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Social-ecological drivers of multiple ecosystem services: what variables explain patterns of ecosystem services across the Norrstrom drainage basin?
Stockholm University, Faculty of Science, Stockholm Resilience Centre.ORCID iD: 0000-0003-3626-967X
Stockholm University, Faculty of Science, Stockholm Resilience Centre. Swedish Royal Academy of Sciences, Sweden.ORCID iD: 0000-0003-1124-306X
Stockholm University, Faculty of Science, Stockholm Resilience Centre.ORCID iD: 0000-0002-0706-9233
Stockholm University, Faculty of Science, Stockholm Resilience Centre.ORCID iD: 0000-0003-0173-0112
Number of Authors: 4
2016 (English)In: Ecology & society, ISSN 1708-3087, E-ISSN 1708-3087, Vol. 21, no 1, article id 14Article in journal (Refereed) Published
Abstract [en]

In human dominated landscapes many diverse, and often antagonistic, human activities are intentionally and inadvertently determining the supply of various ecosystem services. Understanding how different social and ecological factors shape the availability of ecosystem services is essential for fair and effective policy and management. In this paper, we evaluate how well alternative social-ecological models of human impact on ecosystems explain patterns of 16 ecosystem services (ES) across the 62 municipalities of the Norrstrom drainage basin in Sweden. We test four models of human impact on ecosystems, land use, ecological modernization, ecological footprint, and location theory, and test their ability to predict both individual ES and bundles of ES. We find that different models do best to predict different types of individual ES. Land use is the best model for predicting provisioning services, standing water quality, biodiversity appreciation, and cross-country skiing, while other models work better for the remaining services. However, this range of models is not able to predict some of the cultural ES. ES bundles are predicted worse than individual ES by these models, but provide a clear picture of variation in multiple ecosystem services based on limited information. Based on our results, we offer suggestions on how social-ecological modeling and assessments of ecosystems can be further developed.

Place, publisher, year, edition, pages
2016. Vol. 21, no 1, article id 14
Keyword [en]
ecological footprint, ecological modernization, ecosystem service bundles, land use change, location theory, Stockholm, Sweden
National Category
Biological Sciences Social and Economic Geography
Identifiers
URN: urn:nbn:se:su:diva-130012DOI: 10.5751/ES-08077-210114ISI: 000373935100012OAI: oai:DiVA.org:su-130012DiVA, id: diva2:927221
Available from: 2016-05-11 Created: 2016-05-09 Last updated: 2018-01-24Bibliographically approved
In thesis
1. Understanding ecosystem service bundles and their social-ecological patterns in a Swedish landscape
Open this publication in new window or tab >>Understanding ecosystem service bundles and their social-ecological patterns in a Swedish landscape
2017 (English)Licentiate thesis, comprehensive summary (Other academic)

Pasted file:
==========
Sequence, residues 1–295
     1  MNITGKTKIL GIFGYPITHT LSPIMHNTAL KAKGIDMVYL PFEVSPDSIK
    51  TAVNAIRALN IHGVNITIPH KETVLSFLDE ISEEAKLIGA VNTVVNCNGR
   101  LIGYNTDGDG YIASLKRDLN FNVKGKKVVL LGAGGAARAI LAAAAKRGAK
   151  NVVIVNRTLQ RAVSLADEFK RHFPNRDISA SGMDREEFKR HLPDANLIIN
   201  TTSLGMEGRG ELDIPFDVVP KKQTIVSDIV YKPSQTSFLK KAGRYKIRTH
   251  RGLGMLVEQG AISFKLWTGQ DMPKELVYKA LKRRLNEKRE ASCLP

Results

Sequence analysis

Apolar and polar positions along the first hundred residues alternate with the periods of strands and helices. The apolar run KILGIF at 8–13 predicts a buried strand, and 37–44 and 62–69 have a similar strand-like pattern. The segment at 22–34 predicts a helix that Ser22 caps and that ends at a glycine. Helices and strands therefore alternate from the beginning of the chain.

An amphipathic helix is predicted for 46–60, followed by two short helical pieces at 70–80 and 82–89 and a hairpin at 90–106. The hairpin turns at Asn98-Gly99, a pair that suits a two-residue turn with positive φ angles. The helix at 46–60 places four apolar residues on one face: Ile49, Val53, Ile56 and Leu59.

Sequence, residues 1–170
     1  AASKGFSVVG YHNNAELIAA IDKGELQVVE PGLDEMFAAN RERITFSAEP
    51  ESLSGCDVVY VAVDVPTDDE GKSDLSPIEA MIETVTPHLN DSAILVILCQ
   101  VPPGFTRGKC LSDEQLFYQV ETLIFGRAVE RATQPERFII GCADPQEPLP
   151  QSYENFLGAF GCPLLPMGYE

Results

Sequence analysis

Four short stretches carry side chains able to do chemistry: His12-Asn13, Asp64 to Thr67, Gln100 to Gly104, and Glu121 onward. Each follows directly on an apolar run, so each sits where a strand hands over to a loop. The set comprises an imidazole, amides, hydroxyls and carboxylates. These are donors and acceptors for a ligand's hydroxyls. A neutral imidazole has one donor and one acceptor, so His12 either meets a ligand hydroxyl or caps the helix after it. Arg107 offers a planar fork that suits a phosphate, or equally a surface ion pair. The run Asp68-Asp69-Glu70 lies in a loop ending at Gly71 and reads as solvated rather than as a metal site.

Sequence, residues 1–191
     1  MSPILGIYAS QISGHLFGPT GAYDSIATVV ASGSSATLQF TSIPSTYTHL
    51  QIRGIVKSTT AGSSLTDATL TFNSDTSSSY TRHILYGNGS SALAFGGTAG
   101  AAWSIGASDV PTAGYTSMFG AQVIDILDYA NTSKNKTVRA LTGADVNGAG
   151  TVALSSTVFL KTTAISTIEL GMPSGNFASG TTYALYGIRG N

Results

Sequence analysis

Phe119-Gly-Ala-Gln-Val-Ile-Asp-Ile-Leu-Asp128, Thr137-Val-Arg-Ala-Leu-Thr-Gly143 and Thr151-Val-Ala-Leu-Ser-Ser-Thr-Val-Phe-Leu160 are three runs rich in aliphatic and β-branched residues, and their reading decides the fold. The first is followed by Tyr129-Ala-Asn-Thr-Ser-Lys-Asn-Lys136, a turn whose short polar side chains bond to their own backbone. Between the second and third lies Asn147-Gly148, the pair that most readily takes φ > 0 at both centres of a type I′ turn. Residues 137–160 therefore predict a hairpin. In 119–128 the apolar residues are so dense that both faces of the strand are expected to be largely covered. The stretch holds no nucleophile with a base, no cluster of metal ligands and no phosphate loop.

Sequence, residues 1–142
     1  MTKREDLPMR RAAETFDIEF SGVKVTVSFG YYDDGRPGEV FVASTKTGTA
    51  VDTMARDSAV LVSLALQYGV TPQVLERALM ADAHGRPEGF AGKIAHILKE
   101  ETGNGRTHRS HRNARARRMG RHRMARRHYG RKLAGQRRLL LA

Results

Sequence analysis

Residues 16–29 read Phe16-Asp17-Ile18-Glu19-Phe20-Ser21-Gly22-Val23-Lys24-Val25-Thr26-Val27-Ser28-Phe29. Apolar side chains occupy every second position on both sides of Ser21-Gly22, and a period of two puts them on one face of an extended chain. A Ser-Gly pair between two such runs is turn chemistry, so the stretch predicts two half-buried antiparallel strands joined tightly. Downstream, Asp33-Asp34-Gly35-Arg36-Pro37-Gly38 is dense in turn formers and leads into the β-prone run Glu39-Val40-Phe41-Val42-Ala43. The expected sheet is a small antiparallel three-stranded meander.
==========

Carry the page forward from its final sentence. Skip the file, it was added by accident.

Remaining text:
Abstract [en]

Managing landscapes in a way that ensures sustainable development and the continued production of benefits to a diverse set of people requires an understanding how people use, modify, and depend on their local environment. This thesis uses the concept of ecosystem service bundles to articulate the social-ecological dynamics that define landscapes. In particular, this thesis focuses on how social and ecological factors create patterns of ecosystem service bundles and how well we can predict these patterns. It also explores ecosystem service bundles as a concept and how it can be better operationalized.

In the first paper, I explore how well different theories of human-nature interaction predict the distribution of ecosystem services in the Norrström drainage basin in Sweden. Traditionally, land use is the accepted driver of ecosystem service production. However, by including social, economic and geographic variables, I show that this broader social-ecological set of drivers are better at predicting the presence of ecosystem services and their configurations in the landscape. This paper bridges empirically based ecosystem service mapping with theory driven modeling and highlights a need for the development of a coherent social-ecological theory of human-nature interaction.

In the second paper, I investigate different conceptualizations of ecosystem service bundles. The paper highlights three key areas of focus uniquely important for assessing ecosystem service bundles and comparing them across cases – namely 1) scale – extent and units of observation 2) chain of production, and 3) mechanisms and drivers. 

Place, publisher, year, edition, pages
Stockholm: Stockholm Resilience Centre, Stockholm University, 2017. p. 25
Keyword
Ecosystem service, bundles, drivers, landscape, patterns, Sweden, Norrström, Mälaren, Mälardalen, social-ecological, human-nature
National Category
Biological Sciences
Identifiers
urn:nbn:se:su:diva-147296 (URN)
Presentation
2017-10-12, 312, Kräftriket 2B, Stockholm, 12:25 (English)
Opponent
Supervisors
Funder
Swedish Research Council Formas, 2012-1058
Available from: 2018-03-06 Created: 2017-09-21 Last updated: 2018-03-06Bibliographically approved

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